Although we have focused to this point on the absolute threshold, a second important criterion concerns the ability to assess differences between stimuli. The difference threshold (or just noticeable difference [JND]), refers to the change in a stimulus that can just barely be detected by the organism. The German physiologist Ernst Weber (1795-1878) made an important discovery about the JND — namely, that the ability to detect differences depends not so much on the size of the difference but on the size of the difference in relation to the absolute size of the stimulus. Weber’s law maintains that the just noticeable difference of a stimulus is a constant proportion of the original intensity of the stimulus. As an example, if you have a cup of coffee that has only a very little bit of sugar in it (say one teaspoon), adding another teaspoon of sugar will make a big difference in taste. But if you added that same teaspoon to a cup of coffee that already had five teaspoons of sugar in it, then you probably wouldn’t taste the difference as much (in fact, according to Weber’s law, you would have to add five more teaspoons to make the same difference in taste).
One interesting application of Weber’s law is in our everyday shopping behaviour. Our tendency to perceive cost differences between products is dependent not only on the amount of money we will spend or save, but also on the amount of money saved relative to the price of the purchase. For example, if you were about to buy a soda or candy bar in a convenience store, and the price of the items ranged from $1 to $3, you would likely think that the $3 item cost “a lot more” than the $1 item. But now imagine that you were comparing between two music systems, one that cost $397 and one that cost $399. Probably you would think that the cost of the two systems was “about the same,” even though buying the cheaper one would still save you $2.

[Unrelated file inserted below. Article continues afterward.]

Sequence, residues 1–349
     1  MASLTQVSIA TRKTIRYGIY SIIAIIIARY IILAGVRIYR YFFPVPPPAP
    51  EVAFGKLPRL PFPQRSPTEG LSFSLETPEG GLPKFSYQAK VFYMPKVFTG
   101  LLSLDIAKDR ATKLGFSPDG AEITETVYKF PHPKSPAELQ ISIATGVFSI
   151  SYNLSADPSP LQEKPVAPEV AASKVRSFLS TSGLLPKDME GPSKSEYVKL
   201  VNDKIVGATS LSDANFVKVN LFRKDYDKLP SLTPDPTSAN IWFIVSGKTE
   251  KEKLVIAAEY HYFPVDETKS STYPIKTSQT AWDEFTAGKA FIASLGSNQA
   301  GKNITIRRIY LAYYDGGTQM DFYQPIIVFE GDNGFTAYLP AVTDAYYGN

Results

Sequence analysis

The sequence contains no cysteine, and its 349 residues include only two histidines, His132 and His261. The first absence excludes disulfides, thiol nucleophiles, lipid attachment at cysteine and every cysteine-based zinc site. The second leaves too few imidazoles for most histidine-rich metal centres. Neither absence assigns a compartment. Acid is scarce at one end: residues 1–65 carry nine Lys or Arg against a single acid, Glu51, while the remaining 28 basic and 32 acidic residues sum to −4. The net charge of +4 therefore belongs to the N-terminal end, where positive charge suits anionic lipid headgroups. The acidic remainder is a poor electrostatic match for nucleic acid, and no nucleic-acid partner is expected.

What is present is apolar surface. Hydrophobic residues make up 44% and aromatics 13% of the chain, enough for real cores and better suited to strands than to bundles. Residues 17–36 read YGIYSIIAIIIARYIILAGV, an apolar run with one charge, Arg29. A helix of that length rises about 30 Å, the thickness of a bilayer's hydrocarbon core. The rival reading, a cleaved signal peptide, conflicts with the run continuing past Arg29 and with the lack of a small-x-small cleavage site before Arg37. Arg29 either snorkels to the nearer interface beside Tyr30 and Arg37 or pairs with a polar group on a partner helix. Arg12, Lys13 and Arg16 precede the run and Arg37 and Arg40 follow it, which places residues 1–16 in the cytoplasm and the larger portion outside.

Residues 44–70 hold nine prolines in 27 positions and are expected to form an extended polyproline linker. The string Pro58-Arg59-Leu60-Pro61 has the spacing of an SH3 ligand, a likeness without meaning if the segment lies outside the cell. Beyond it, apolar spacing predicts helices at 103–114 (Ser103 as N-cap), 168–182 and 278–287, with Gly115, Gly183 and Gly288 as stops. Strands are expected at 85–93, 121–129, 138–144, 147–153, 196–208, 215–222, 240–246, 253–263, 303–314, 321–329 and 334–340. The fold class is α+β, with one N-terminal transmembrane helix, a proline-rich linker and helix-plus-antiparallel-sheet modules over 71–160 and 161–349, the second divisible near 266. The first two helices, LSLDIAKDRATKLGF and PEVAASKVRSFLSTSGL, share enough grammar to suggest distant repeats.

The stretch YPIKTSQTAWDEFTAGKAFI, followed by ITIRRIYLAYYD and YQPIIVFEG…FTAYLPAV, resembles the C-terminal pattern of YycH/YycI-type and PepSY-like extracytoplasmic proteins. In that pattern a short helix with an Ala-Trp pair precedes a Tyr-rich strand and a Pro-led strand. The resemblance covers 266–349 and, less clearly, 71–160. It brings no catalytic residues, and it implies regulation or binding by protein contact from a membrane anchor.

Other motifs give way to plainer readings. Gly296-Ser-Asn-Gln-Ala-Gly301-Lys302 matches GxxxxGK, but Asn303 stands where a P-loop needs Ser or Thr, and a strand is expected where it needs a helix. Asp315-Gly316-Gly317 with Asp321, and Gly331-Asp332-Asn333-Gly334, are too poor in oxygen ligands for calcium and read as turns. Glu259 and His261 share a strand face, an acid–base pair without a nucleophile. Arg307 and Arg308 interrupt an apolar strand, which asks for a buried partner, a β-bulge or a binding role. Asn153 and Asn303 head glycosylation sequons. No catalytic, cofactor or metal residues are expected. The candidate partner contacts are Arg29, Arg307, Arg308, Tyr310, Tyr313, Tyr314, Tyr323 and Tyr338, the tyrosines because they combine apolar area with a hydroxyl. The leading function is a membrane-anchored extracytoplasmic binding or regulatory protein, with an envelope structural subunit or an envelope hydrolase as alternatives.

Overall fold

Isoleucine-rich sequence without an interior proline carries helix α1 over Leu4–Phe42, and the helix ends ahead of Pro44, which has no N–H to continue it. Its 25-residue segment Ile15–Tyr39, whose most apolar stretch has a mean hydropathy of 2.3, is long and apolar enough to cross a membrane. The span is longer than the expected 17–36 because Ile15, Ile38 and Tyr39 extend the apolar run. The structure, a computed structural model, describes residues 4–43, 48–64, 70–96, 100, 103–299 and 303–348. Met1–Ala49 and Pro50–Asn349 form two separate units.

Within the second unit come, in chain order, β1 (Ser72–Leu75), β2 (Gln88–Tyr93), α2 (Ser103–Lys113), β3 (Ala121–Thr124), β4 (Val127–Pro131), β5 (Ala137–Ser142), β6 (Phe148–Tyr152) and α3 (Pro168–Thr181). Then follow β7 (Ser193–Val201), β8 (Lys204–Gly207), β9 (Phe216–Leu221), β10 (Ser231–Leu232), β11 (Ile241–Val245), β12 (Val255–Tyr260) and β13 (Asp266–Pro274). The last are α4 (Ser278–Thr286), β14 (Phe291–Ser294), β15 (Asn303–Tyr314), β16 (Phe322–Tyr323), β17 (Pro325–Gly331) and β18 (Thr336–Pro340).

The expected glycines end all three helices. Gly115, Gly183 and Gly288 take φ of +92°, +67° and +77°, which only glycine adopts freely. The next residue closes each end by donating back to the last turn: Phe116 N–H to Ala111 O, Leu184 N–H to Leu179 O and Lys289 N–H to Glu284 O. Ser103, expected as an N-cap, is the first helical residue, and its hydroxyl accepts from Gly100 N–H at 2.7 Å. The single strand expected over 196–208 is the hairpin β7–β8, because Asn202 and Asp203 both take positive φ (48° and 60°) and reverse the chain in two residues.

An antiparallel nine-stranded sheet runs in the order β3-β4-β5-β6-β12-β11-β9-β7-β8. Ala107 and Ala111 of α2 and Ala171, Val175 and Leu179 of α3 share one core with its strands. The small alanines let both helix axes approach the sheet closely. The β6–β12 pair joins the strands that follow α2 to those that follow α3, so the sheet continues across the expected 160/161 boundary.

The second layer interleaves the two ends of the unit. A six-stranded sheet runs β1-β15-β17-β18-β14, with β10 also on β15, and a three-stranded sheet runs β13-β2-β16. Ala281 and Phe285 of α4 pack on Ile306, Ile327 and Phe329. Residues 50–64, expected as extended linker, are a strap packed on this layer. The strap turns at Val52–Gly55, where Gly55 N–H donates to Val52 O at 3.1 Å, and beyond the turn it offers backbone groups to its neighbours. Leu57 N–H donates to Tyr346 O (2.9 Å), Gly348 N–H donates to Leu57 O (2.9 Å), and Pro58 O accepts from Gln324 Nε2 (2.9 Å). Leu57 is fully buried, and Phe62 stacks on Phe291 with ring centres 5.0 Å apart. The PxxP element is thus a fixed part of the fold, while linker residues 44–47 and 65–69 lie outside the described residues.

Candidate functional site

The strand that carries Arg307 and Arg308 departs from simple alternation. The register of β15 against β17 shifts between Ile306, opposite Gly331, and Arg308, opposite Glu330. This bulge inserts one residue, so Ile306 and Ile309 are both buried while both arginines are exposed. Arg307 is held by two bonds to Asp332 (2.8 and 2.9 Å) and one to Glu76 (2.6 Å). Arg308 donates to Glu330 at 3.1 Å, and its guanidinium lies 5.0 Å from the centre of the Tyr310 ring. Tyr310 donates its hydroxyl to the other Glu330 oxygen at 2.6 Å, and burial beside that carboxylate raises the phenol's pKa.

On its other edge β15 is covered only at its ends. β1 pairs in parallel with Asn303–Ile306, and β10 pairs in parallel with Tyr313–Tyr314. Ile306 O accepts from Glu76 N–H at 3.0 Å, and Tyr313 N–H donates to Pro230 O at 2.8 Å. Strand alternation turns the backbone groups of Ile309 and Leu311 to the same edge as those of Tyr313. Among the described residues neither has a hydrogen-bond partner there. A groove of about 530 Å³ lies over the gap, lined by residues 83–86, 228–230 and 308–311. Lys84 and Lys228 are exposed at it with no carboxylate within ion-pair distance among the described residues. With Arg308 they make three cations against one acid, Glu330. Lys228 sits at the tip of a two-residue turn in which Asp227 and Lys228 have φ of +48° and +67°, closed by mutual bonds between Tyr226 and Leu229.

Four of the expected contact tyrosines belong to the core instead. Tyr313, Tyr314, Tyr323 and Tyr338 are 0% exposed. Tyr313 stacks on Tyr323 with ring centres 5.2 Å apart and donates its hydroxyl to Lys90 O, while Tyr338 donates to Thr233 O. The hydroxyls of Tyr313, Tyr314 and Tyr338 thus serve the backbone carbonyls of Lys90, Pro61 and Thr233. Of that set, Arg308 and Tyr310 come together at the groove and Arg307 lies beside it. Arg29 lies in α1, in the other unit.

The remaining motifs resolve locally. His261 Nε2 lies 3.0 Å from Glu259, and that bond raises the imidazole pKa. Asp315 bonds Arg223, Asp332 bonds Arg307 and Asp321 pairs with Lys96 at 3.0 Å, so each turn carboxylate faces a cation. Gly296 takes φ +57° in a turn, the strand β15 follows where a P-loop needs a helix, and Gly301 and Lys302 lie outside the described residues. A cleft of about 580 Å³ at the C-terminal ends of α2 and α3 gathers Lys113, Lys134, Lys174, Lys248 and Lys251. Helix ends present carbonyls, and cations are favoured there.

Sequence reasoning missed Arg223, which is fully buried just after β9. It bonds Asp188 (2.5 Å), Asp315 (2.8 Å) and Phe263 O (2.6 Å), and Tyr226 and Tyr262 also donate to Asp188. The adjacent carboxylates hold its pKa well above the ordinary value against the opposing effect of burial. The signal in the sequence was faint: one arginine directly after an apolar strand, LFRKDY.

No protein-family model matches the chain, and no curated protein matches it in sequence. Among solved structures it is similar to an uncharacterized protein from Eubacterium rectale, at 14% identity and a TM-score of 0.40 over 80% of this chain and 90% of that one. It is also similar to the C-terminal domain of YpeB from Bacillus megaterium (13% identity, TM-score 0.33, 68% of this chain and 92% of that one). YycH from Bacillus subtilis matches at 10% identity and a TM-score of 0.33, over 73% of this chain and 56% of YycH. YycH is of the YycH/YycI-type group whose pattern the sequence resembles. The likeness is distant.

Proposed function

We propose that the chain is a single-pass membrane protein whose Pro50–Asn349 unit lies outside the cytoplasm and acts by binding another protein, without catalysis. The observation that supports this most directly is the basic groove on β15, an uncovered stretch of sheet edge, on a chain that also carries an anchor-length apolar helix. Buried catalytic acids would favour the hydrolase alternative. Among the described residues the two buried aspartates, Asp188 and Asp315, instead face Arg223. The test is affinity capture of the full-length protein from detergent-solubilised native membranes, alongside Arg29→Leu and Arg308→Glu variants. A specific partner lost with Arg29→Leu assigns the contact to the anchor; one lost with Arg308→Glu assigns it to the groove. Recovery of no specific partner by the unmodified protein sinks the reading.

Research Focus: Influence without Awareness
If you study Figure SAP.3, “Absolute Threshold,” you will see that the absolute threshold is the point where we become aware of a faint stimulus. After that point, we say that the stimulus is conscious because we can accurately report on its existence (or its nonexistence) more than 50% of the time. But can subliminal stimuli (events that occur below the absolute threshold and of which we are not conscious) have an influence on our behaviour?